Often I imagine the life I didn’t choose. In this life I am the parent to one six-year-old boy. I sleep through the night. I spend long Saturday mornings with a book on the couch while he sits on the floor playing Legos. Some days he goes over a friend’s house and our own home is completely quiet. This imaginary life, the one I left behind, has its perks.
But I haven’t so much lost these small pleasures as I have traded them for others. These days when I put on a favorite album, my two sons dance across the living room, shaking their booties and kicking the air, and I laugh from a bright place that would have been unfamiliar to me in the years before I was a parent.
Every morning, Andy stands outside Harlan’s door and fiddles with the knob, crying “Bro-Bro? Bro-Bro?” until I carry him back to the kitchen. When Harlan finally wakes and emerges bleary-eyed from his room, Andy coos his name and leans in for a hug. Sometimes I stand from a distance and admire their devotion. Other times I get down on my knees to join the embrace.
Even when things are hard—when Andy dismantles Harlan’s Lego rocket ship by chucking it across the room, and when Harlan slaps him in retaliation, I feel grateful for conflict as a teacher. “I hate your attitude!” Harlan shouts at his oblivious little monster of a brother, and I laugh at these hot moments, where both children must come to terms with the fact that the world won’t always bend to them. This is a lesson I want them to learn.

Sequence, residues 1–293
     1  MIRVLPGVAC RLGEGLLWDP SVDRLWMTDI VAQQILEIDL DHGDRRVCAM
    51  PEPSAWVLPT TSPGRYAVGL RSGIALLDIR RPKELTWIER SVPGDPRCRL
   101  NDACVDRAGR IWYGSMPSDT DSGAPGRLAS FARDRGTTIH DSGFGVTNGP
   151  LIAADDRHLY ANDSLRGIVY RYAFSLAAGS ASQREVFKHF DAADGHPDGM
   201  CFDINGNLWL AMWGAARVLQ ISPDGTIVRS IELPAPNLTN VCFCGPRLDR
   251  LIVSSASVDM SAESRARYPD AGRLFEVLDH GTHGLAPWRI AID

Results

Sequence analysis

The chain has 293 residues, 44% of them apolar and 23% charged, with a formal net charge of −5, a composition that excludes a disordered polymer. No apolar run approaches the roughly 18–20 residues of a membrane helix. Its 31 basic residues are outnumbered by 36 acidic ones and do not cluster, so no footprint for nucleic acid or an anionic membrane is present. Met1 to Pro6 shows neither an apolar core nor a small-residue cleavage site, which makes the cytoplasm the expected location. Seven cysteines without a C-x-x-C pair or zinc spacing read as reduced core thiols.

Every day I remind myself that this is the life I’ve chosen, a life of two children, both of them rowdy and loving. It’s a life that, quite frankly, my introverted, monogamous self was not designed for. But though it is an awkward fit, it is indeed my life. These are indeed my boys. Several times a week they prove it by attacking me on the couch and making farting noises against my bare belly, the same belly that now jiggles and sags from having carried them. My boys giggle wildly at their antics and my body.
It’s too much—all of it: the kisses and the screams, the dancing and the fights, the sleepless nights and the cuddles in the morning. It’s a life that stretches me beyond what I ever would have imagined. These boys have twisted me into a woman I barely recognize: a woman who’s aged visibly over the last three years but willing (mostly) to let go of her vanity; a woman who can be stern and loving in alternate breaths; a woman who finds the frayed end of her patience daily and either fails or succeeds at remaining calm.
The life I didn’t choose would have been rewarding, I think. It would have been restful, and sensible. But richness and growth, spontaneity and joy, those come at a price too.
Jennifer Berney’s essays have appeared in Hip Mama, Mutha, The Raven Chronicles, and the anthology Hunger and Thirst. She is currently working on a memoir, Somehow, which details the years she spent trying to build a family out of donor sperm, mason jars, and needleless syringes. She lives in Olympia, Washington and blogs at http://goodnightalready.com/.